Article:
On Thursday, NASA made a massive announcement about the exploration of the planet Mars.
They found life?!?
Okay, maybe not that massive. But they did discover something of similar importance.
Their rover, Curiosity, lived up to its name and uncovered ancient organic matter in Martian rocks. By digging 5 centimetres (2.2 inches) below the surface and heating the rock up, it was able to extract carbon-based molecules such as thiopene and dimethylsulfide. They may be hard to pronounce, but they represent potential building blocks of life.
From long, long ago
One of the biggest reasons for the excitement here is how old this material is. In truth, organic matter has been found elsewhere on Mars before this (not to mention on other bodies in the solar system, such as Jupiter's moon Titan).
But this organic matter dates back around 3.5 billion years, which puts it in the range of when life first began to take hold on Earth (the last common ancestor of all life on Earth dates back about 3.5 billion years ago). At that time, scientists believe that Mars was a much different planet than it is today. It very possibly had lakes of water and a thicker methane atmosphere that was capable of supporting life—even if it wasn't an oxygen-rich one like ours.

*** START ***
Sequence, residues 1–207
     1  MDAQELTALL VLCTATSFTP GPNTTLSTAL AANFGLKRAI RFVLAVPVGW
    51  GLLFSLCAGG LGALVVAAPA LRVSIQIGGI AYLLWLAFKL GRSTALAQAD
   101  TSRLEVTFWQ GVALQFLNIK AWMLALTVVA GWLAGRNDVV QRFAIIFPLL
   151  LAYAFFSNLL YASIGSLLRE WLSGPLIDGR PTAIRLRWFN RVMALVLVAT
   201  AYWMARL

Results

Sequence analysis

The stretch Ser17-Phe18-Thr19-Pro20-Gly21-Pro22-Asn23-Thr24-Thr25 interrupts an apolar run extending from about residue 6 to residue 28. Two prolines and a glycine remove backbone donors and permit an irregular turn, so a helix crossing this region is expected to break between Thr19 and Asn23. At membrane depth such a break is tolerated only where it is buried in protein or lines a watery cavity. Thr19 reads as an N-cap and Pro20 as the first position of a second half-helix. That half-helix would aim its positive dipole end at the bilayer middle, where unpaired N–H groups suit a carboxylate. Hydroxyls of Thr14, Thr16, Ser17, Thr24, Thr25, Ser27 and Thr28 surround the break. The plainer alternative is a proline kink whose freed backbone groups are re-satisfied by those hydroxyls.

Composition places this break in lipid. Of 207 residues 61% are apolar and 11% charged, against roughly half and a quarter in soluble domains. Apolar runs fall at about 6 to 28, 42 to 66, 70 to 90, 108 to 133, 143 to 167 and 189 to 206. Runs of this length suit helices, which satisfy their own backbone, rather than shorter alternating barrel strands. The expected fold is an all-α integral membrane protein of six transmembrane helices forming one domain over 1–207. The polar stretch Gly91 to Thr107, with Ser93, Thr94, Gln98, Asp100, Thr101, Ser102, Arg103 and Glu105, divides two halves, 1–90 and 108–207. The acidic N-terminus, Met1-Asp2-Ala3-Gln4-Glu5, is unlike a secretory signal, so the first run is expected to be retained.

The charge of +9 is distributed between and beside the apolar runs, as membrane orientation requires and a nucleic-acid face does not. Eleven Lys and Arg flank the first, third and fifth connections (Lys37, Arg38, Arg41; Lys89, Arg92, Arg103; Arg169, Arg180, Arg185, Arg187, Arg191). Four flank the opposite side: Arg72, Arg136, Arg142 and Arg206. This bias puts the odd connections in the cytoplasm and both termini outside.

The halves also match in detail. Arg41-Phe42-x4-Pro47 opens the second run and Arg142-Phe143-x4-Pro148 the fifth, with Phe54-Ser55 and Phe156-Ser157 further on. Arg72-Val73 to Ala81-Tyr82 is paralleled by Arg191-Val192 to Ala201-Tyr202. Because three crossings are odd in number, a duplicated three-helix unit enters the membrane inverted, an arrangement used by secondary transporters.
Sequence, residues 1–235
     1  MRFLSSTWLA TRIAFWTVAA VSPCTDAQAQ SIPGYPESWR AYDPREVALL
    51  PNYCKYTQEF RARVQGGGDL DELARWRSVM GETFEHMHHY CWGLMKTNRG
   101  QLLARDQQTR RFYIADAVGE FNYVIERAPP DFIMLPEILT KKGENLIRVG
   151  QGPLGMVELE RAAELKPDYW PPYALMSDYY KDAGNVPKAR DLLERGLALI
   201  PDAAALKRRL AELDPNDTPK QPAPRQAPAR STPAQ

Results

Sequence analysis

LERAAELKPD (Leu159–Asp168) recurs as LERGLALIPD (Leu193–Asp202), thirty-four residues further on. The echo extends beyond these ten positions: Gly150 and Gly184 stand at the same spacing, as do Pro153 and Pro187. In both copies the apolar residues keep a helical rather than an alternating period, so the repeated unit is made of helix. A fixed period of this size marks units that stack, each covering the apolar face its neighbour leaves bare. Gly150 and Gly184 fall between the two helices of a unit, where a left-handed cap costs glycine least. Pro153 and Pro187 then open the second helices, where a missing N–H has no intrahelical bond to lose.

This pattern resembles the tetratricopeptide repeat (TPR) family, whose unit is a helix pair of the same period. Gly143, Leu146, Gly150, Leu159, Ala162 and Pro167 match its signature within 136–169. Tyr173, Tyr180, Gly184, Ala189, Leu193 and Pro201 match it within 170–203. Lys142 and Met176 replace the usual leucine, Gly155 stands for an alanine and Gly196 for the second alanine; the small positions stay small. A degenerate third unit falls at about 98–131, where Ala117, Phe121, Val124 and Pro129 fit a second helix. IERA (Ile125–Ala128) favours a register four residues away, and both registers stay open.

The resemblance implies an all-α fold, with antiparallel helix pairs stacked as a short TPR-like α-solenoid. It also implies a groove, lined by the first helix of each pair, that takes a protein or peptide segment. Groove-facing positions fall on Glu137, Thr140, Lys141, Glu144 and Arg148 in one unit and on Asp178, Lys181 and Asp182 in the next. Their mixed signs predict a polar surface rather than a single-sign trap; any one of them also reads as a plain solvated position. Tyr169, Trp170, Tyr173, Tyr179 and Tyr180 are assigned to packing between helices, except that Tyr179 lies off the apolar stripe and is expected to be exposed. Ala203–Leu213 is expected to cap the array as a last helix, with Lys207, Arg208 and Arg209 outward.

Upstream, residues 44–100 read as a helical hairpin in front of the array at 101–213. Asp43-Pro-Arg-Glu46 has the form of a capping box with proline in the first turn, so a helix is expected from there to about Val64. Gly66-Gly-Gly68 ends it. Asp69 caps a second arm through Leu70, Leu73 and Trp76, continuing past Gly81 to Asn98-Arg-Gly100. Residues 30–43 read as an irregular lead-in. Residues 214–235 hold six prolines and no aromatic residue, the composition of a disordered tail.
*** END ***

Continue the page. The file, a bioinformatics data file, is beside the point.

At the same time, NASA also released a discovery that the levels of methane in Mars' atmosphere change with the seasons. Why might this matter? On Earth, the levels of carbon change over the year based on the "seasonal breathing" of plants. Is there a similar hidden biological process behind the methane levels on Mars?
What's the catch?
Hey, you knew we were coming to this. Otherwise, the headline would've been "LIFE FOUND ON MARS!"
Simply put, the term "organic matter" only refers to the fact that it belongs to a larger family of carbon-based molecules. It's not fossilized bone, plant matter, or bacteria. Scientists aren't even sure where this stuff came from. Did it rain down on the surface inside meteorites? Or was it formed naturally on the surface (which might suggest that there were life-making processes happening on Mars at the time).
There is still so much left to discover here, but that's okay. It just means that there will be plenty for NASA's InSight lander to do when it arrives on Mars this November! And given that NASA's probes have literally just scratched the planet's surface, it's anyone's guess what they will find when they really start digging...
So you're saying there's a chance?
In the end, maybe this announcement can be best understood like this: This organic matter is like finding a bunch of LEGO blocks scattered in a long abandoned house. No one knows for sure that they were ever used to build anything. They don't even know whose blocks they were or how they got there.
But the opportunity to build something was certainly there.
The search of signs of life on Mars is just getting started...
Learn more about the site where Curiosity made this discovery in the video below.